"Unity Bridge" float

Rob Cortis' "Unity Bridge" rolls through downtown Byron during Family Fun Day.

BYRON — Kayakers weren’t the only ones traversing the Shiawassee River Saturday afternoon in Byron.

Fifteen cardboard boats, and 497 rubber ducks, also took to the water, as part of the village’s annual Family Fun Day.

The afternoon was sponsored by Byron’s Downtown Development Authority (DDA); events included a parade downtown, a bicycle decorating contest, as well as the aforementioned carboard boat and rubber duck races at Byron Sesquicentennial Park.

Rob Vandemark, the host of the cardboard boat river regatta, said the variety of events made for a good mix.

“I know a lot of people came out for the parade, and that’s the thing, they all work together,” Vandemark said. “We need the parade to get the people to come down here (to the park), we need the park and the vendors to keep people entertained and to feed them, and then we need the boaters to build boats and people to watch it…we’re really happy with the turnout.”

The parade stepped off shortly after 2 p.m., traveling north on Saginaw Street before heading west on Maple Street and wrapping up at the sesquicentennial park. Burns Township fire trucks and antique tractors were among the parade lineup, along with a nationally recognized Donald Trump-themed float.

The Trump-themed “Unity Bridge” sparked debate throughout the village earlier this week. According to Shiawassee County Commissioner Cindy Garber, village officials were initially opposed to the inclusion of the float in the parade, but relented after public outcry.

The float’s owner, Rob Cortis, said he was impressed by the number of supporters Saturday.

“I was amazed,” Cortis said. “All these people had to walk a half mile from the end of the parade to get here, so they made an effort. I’m proud of it. People were calling me, making sure ‘Are you coming tomorrow? Are you coming to our parade?’ So many people came up and said ‘Thank you for coming to our small town parade.’”

“You know what? I’m about all of the parades,” he added.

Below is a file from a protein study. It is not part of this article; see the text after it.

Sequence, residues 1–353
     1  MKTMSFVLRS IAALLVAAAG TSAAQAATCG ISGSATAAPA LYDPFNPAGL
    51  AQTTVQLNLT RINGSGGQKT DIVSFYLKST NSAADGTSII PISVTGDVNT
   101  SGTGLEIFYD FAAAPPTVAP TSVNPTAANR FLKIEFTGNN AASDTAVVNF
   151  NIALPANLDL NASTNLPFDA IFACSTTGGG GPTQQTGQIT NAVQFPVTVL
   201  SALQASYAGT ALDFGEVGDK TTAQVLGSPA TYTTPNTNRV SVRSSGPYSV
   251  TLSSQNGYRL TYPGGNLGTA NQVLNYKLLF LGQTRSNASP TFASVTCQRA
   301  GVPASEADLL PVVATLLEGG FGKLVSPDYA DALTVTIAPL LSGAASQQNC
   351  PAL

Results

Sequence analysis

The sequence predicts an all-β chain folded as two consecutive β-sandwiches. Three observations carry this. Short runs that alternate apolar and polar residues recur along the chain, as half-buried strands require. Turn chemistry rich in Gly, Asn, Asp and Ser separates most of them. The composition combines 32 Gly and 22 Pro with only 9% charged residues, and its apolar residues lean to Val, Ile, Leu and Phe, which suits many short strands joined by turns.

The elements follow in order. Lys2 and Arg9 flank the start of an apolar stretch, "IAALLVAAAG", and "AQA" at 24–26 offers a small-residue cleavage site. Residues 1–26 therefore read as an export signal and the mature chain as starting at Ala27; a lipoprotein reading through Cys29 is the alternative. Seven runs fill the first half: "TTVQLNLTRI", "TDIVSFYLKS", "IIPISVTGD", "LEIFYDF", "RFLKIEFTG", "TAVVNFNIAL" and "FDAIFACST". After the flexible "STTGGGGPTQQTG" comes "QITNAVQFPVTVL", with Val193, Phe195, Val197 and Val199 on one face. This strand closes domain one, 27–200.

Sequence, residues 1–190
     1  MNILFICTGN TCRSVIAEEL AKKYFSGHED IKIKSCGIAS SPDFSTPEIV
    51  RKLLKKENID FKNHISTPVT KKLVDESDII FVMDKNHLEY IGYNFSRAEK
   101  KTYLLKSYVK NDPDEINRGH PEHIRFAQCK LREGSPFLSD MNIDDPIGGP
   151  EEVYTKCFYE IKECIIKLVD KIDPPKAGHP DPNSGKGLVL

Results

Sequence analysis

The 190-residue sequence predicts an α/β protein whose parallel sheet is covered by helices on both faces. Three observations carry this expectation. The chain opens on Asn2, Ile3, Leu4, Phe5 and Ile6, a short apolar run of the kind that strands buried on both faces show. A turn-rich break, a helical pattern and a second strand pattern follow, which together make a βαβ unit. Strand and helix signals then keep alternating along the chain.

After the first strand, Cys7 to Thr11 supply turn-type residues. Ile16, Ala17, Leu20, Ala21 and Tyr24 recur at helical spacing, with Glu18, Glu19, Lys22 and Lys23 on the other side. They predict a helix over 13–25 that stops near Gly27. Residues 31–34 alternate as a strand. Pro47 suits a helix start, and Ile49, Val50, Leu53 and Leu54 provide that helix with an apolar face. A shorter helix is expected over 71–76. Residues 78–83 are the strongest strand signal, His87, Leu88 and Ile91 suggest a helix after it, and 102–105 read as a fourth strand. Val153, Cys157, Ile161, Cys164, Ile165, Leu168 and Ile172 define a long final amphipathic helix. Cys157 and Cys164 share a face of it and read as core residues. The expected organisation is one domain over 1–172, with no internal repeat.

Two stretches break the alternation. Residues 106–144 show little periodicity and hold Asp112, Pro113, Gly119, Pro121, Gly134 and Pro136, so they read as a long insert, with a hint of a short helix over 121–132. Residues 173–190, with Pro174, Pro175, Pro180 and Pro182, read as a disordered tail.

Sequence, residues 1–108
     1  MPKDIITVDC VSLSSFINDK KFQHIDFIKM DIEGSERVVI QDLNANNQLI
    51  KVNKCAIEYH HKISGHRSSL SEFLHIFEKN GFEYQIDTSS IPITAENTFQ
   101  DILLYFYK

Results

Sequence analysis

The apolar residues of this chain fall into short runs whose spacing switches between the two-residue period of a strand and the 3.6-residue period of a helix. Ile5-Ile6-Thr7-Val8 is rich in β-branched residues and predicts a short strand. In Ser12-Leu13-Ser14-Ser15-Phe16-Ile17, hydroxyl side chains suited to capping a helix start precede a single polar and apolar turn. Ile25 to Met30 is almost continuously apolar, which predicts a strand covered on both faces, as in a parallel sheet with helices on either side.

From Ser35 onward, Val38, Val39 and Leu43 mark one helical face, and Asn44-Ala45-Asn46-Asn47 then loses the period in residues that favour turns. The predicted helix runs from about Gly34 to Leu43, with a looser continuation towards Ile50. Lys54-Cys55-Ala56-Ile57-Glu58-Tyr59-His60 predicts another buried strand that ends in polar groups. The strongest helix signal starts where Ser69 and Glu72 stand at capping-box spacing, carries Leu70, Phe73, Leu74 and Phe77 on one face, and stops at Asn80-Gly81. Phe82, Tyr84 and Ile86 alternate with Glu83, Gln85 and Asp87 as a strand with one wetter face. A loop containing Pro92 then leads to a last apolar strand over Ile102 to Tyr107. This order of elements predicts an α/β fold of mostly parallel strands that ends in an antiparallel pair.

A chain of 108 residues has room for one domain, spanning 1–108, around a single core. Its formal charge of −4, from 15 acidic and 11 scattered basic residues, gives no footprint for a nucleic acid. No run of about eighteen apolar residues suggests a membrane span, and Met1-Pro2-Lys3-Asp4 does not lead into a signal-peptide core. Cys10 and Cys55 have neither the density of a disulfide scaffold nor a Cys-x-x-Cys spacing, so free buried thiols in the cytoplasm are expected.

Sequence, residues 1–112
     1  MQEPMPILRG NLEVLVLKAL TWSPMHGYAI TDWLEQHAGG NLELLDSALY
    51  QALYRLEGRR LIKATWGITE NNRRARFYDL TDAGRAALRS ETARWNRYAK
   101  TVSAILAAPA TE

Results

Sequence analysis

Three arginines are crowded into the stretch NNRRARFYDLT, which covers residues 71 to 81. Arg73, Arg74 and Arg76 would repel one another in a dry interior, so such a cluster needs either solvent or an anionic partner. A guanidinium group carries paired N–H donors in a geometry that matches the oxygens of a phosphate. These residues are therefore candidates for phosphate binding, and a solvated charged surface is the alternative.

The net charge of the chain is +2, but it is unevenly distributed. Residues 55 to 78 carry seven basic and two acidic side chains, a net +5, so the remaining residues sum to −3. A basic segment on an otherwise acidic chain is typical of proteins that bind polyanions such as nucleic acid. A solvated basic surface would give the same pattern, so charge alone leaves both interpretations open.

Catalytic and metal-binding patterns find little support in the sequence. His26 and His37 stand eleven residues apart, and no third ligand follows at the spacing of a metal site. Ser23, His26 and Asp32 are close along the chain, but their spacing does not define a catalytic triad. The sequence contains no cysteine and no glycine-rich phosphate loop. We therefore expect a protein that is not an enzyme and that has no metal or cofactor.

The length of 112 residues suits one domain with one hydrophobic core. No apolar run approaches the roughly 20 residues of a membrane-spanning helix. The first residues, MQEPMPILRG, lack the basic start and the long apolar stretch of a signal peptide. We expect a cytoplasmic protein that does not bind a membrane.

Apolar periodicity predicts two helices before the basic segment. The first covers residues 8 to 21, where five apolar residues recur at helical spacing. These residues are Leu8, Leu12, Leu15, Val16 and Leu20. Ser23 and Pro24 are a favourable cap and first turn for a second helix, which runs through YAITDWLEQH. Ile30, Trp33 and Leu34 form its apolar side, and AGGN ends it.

Cortis was inspired to build the “Unity Bridge” after President Trump first announced his campaign in 2015.

“I believed in him. I knew he was a businessman and I’ve felt my whole life that a businessman should be running our country,” Cortis said. “My heart was in it.”

The “Unity Bridge” has traveled over 200,000 miles across the continental United States, Cortis said. After the parade, he stuck around to hand out free “Trump 2020” stickers.

Fifteen cardboard boats were put to the test during the river regatta, with contestants attempting to steer their crafts down a 200-foot stretch of the Shiawassee River.

Competitors built their boats primarily out of cardboard and duct ttape.

Contestants were prohibited from rigging their boats with flotation devices, and could only place duct tape along the seams, according to Rob Vandemark.

A $200 cash prize and trophy were awarded for fastest time, most creative and cruise ship — which was given to the boat that successfully carried the most people in one trip across the finish line.

An additional trophy, the titanic, was given to the contestant with the most dramatic sinking.

“Maximum Effort,” built by Jake Vandemark, Rob’s son, registered the fastest time of the afternoon. Jake completed the 200-foot course in 49 seconds.

He said he started building his boat around 1 p.m.

“I knew I was going to build one but I’ve been busy the past couple of days, so I just figured I would wait until the last minute possible to put it together,” he said. “I’m a little surprised, but I’m definitely happy with it.”

Following the cardboard boat race, 497 rubber ducks were dumped into the river for the annual duck race raffle.

A $700 grand prize was awarded to the owner of the first duck to cross the finish line. Ducks were purchased for $5 each prior to the race.

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